But industry should consider alternatives to reduce demand
The supply of sand is likely to remain stable for the time being although there are uncertainties amid rising demand for sand by the construction industry.
That was the message in an article in the latest Construction Cost Review published recently by cost consultant Langdon & Seah.
The firm noted media stories last March when it was reported that several, if not, many projects in Shenzhen were using or had used ready mixed concrete with marine sand in it.
One such project that received widespread media attention was the Ping An International Finance Center in Shenzhen being built by state-owned giant China State Construction Engineering Corporation.
Among the 31 suppliers that got caught up in the incident were two units belonging to listed China Resources Cement (1313).
Sand used in concrete and mortars has to be clean and free from corrosive minerals.
“Because of this, dredged river sand has traditionally been the main supply source,” the consultant said.
But with the onset of media reports from Shenzhen, it noted that the use of marine sand suggested that the apparently insatiable demand for new buildings was “gradually exhausting this natural resource”.
Marine sand in general is a no-no for construction work if untreated because the increased chlorine content leads to corrosion of steel reinforcement in reinforced concrete structures.
The main source of river sand used in Hong Kong is from Guangdong Province.
Statistics from the Civil Engineering and Development Department show that imports of river sand have fallen from 1.94 million tonnes in 2008 to 1.48 million tonnes in 2012.
For the first five months of this year, the total was 546,758 tonnes.
Langdon & Seah noted that it was not the first time that Hong Kong has faced supply shortages.
There was an export ban in 2006 by the Ministry of Commerce and the General Administration of Customs but this was lifted in early 2007 when Hong Kong signed a trade co-operation mechanism on natural sand with the mainland under the framework of the Closer Economic Partnership Arrangement (CEPA).
This mechanism served to stabilize supply of river sand and in June last year, it was strengthened to meet the needs of Hong Kong’s major construction projects.
But Langdon & Seah said the mainland was facing shortages itself as demand far outstrips supply with many local governments imposing quotas that are adjusted downwards every year.
Guangdong, which previously had rich reserves, was in a particular bind, with licenced mining volume of 14 million tonnes hopelessly trying to meet annual demand of 100 million tonnes in 2012.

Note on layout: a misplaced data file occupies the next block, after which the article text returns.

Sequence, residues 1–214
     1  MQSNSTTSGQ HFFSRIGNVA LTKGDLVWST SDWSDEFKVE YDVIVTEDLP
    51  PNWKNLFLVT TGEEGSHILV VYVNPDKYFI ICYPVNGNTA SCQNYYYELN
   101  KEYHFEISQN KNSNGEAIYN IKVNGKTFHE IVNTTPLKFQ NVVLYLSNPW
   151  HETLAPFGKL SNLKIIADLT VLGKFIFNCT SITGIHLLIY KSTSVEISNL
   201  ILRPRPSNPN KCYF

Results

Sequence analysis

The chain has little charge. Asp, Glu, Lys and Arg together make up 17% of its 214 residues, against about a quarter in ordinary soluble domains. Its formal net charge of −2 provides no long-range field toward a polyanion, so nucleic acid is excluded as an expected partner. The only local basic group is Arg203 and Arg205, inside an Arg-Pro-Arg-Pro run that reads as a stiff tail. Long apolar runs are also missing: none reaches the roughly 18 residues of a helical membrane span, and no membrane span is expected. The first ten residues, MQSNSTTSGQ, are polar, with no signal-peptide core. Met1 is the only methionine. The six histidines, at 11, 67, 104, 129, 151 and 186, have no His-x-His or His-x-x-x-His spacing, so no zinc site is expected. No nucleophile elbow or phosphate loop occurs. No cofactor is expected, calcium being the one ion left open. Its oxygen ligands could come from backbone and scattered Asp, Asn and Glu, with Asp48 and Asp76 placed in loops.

“Although Hong Kong needs only about 1.5 million tonnes a year, it would be hard to ensure that adequate supply can be maintained under such circumstances,” the article said.
The law of supply and demand would ensure that prices would go up if demand increased as supply was maintained as per the supply agreement.
Surprisingly, marine sand is allowed in concrete production in the mainland as long as the sand is washed and the chloride content reduced to 0.06 percent or less.
The problem is that there are no standards or government approved processes on the desalination of marine sand.
“Whether Hong Kong should consider adopting marine sand as a substitute for river sand, and how to exercise quality control on the desalination process itself, should be a topic for consideration,” the consultant said.
The construction industry has been aware of the potential for shortages of sand and substitutes have been proposed and tried out.
One such substitute for sand in concrete production was crushed rock fines.
CEDD statistics show that river sand used in concrete production plunged from 641,808 tonnes in 2008 to only 243,357 tonnes in 2012.
For the first five months of 2013, only 50,677 tonnes of river sand was imported for concrete production.
However using crushed rock fines in mortar mixes has been less successful due to poorer cohesiveness and workability.
To get round this, research has been carried out using manufactured sand.
Other options for substituting for river sand are use of proprietary tile adhesive systems in place of cement sand mortar, furnace bottom ash (FBA) from the burning of coal by electricity utility companies and recycling of waste glass.
In a research report earlier this spring, the Construction Industry Council called for further research into use of waste glass in the manufacture of mortar and low-strength concrete products.
In the end though the potential for a sand shortage may well be a blessing in disguise.
“In the long term, it may well be the case where this sand shortage drives innovation and efficiency in our industry,” Langdon & Seah said.